The Nuances of Fresh Herb Gardening

Supplementing fresh herbs to foods is a quick way to transform ordinary cuisines into tantalizing extraordinary cuisines. This is where the nuances of fresh herb gardening comes in picture. Fresh herb gardening provides you with fresh culinary herbs.

Culinary herbs differ from traditional spices, although the two categories overlap. By culinary herbs we generally refer to fresh or dried leaves, while spices are seeds, flowers, fruits, roots and bark from herbs or trees. Spices like red pepper have sharp, strong and pungent flavour whereas culinary herbs generally have a mild flavor. Several common spices like cinnamon sticks, anise seeds and ginger roots are obtained from herbs.

“An herb is the friend of physicians and the praise of cooks.”
– Charlemagne
If you are a novice gardener, exercise restraint in planting all herbs at a time. For indoor or patio gardening, watch the sun’s changing pathway through the new, uncharted territory and plan well. Good gardens, like good friendships, don’t happen overnight – both take time, nourishment, and patience.

The Finishing Touches
Although the newly planted herbs look sparse, you can envision it in full and glorious abundance — your own small heaven of fresh herb resource with  fresh herb gardening. And all the herbs, they will grow — even in a postage stamp-sized plot of ground. You need to patiently separate the crowns and pull apart their fuzzy stems and tangled roots if they spread. Tuck needle-thin chives and doilies of parsley between neatly arranged spaces. Next, you can drop in the seeds of “Empress of India” nasturtiums which yield hummingbird-pleasing red flowers.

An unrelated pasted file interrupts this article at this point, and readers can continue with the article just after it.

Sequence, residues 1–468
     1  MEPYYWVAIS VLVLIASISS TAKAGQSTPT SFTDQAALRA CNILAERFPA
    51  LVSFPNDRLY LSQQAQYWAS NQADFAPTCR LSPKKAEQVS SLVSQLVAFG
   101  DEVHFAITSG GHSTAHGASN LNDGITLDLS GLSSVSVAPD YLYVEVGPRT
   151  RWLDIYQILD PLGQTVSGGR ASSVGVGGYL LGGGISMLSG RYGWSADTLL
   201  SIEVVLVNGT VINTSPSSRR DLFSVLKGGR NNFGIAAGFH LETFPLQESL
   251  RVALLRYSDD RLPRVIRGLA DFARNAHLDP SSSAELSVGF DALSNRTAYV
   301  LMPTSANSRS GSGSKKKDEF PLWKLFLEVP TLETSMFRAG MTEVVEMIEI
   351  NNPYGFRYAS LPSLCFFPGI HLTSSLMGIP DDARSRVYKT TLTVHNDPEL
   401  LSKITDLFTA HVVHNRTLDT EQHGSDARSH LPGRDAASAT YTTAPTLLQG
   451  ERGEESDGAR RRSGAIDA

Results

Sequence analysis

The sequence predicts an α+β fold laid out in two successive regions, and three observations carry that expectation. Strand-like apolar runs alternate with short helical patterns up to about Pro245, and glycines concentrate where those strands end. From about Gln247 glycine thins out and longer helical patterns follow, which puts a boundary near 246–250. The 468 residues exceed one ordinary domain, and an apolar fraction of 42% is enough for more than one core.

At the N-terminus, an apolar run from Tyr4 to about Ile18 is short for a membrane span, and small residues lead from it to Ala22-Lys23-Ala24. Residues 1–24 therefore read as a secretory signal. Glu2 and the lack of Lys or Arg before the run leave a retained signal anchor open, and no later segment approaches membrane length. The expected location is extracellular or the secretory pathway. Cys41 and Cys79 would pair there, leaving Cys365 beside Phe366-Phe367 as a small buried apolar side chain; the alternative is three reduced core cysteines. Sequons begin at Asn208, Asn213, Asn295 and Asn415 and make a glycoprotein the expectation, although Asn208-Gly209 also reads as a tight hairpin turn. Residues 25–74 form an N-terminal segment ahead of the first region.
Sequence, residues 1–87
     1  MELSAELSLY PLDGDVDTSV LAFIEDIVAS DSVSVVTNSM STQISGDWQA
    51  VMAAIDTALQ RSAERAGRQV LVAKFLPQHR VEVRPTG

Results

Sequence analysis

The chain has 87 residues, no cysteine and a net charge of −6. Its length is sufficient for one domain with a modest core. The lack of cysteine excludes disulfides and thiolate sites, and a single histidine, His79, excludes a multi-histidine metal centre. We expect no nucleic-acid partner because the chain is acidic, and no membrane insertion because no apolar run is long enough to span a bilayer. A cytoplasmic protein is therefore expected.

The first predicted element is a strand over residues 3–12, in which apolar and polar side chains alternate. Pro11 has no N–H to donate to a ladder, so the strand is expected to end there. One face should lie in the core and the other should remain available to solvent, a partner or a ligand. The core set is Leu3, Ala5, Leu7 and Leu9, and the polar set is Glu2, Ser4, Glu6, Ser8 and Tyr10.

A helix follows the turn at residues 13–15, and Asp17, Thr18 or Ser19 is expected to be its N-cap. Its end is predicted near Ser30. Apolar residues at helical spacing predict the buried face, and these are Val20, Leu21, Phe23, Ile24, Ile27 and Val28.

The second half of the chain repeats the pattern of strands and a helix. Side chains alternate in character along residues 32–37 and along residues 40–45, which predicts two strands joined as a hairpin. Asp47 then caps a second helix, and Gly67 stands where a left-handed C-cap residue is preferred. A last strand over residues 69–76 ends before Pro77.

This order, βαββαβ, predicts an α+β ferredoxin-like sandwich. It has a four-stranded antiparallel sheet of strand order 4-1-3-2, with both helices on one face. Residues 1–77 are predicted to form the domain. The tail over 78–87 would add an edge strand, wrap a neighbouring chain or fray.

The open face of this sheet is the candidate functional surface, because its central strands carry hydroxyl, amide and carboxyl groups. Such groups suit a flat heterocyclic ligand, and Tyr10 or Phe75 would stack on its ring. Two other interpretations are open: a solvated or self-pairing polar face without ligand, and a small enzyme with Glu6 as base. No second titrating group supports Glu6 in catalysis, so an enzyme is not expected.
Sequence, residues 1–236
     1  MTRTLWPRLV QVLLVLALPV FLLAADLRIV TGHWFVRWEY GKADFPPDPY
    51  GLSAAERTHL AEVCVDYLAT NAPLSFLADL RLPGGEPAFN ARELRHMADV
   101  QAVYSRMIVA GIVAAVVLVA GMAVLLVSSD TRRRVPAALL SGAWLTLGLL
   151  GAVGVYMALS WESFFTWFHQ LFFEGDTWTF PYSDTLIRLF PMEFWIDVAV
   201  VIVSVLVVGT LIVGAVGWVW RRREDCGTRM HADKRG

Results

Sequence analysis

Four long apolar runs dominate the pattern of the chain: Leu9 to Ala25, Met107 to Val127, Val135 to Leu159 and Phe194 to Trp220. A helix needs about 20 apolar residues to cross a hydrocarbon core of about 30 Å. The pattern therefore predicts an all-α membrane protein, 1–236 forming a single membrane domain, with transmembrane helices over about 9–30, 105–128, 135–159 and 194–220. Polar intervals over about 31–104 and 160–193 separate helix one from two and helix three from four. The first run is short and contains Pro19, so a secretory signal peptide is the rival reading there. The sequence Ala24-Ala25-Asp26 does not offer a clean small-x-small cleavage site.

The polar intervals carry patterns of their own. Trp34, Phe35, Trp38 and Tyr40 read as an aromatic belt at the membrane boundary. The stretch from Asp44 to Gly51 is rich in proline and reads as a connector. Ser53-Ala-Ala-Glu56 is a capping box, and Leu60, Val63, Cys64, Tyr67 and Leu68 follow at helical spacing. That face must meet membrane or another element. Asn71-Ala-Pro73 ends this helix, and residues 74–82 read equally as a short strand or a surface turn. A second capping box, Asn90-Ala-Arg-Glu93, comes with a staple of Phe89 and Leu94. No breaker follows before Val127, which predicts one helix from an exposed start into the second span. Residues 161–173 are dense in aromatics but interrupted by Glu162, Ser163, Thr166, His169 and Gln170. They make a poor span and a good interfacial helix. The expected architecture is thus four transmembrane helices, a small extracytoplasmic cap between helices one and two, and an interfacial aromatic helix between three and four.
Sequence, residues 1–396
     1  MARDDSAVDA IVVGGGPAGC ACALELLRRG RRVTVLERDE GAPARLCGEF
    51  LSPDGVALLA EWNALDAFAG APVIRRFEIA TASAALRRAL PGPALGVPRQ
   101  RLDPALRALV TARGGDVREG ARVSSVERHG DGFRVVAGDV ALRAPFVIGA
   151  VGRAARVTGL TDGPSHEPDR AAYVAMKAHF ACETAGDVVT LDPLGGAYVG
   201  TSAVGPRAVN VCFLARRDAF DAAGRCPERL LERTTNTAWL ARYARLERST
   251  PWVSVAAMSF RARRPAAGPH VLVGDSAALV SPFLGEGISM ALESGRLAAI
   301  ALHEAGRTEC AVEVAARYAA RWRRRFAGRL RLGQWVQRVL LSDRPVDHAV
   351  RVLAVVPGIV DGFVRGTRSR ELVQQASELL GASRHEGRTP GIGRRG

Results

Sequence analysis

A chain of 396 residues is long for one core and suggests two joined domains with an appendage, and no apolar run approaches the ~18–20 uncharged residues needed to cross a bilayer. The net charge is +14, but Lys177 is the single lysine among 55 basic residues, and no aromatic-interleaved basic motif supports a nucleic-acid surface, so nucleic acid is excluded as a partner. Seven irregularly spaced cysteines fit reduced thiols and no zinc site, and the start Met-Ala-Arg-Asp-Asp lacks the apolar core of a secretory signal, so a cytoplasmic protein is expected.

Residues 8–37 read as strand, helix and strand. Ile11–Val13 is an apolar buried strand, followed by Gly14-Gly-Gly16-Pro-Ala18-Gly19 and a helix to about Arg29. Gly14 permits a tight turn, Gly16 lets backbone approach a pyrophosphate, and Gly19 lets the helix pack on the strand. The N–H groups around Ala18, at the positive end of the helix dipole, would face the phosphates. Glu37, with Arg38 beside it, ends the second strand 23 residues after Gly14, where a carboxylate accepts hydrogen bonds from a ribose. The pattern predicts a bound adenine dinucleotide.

Finally, pepper the soil with “Window box” basil seeds to finish the whimsical edging. Planting seeds and propagating are two of the closest things to creating magic that a person can do to the “Mother Nature”. Plant the strawberry saplings steadily around the edge of every bed. Very soon, these unpromising looking pip-squeaks will produce offshoots called sisters and form perfect mini-mounds of green flecked with fairy-sized red strawberries.

Border beds with any of the unexpected herb species: chives, alpine strawberries, nasturtiums, sweet woodruff or dwarf basils. Fill vertical spaces with vines and tall creepers. Add pots of edible flowers — viola, borage and calendula necessary ingredients for fresh herb gardening.

First Harvest and the First Culinary Dish from Fresh Herb Gardening
• You’ll be surprised how quickly your herb garden is ready for harvesting. Before your fruits or vegetables are ripe, your borders and beds of herbs will produce fresh ingredients to liven your recipes.
• In early mornings, after the dew has dried, gather the flowers of basil, rosemary, thyme, nasturtiums, dianthus, violas, chives, calendula, sage, arugula and borage.
• Spread flowers on a screen or sheet of paper and dry them in a dark, warm location away from direct sun rays.
• Zest a lemon and dry the zest until leathery in a microwave. Add the zing of lemons to simple dishes.
• When flowers are completely dry, they will feel like paper, mix them with sea salt and dry lemon zest. Pour them into a decorative shaker with large holes such as a grated-cheese or sugar shaker.
• Use your gleanings to add color and fragrance in dressings of salad, soup and dips.
• After being washed and patted dry, green-stemmed herbs such as basil and cilantro can go straight into the food processor.

Landscaping for your Home Herb Garden – Tips and Tricks
My views as an opinionated gardener is that water in a landscape is a must, whether it is a birdbath, basin, or trickling fountain, it is an absolute necessity. A water feature can be the most expensive ingredient in a garden, but it is also the one and only element that infuses a landscape with life. You can place a stone fountain on a barren piece of land and the planted area will suddenly start breathing with life. The sound of the cascading water is ethereal, it can entice many a mocking birds. Water splashing onto the ground will result into an uncompromising beautiful aroma of the soil mixed in water similar to the first-time rain in the monsoon.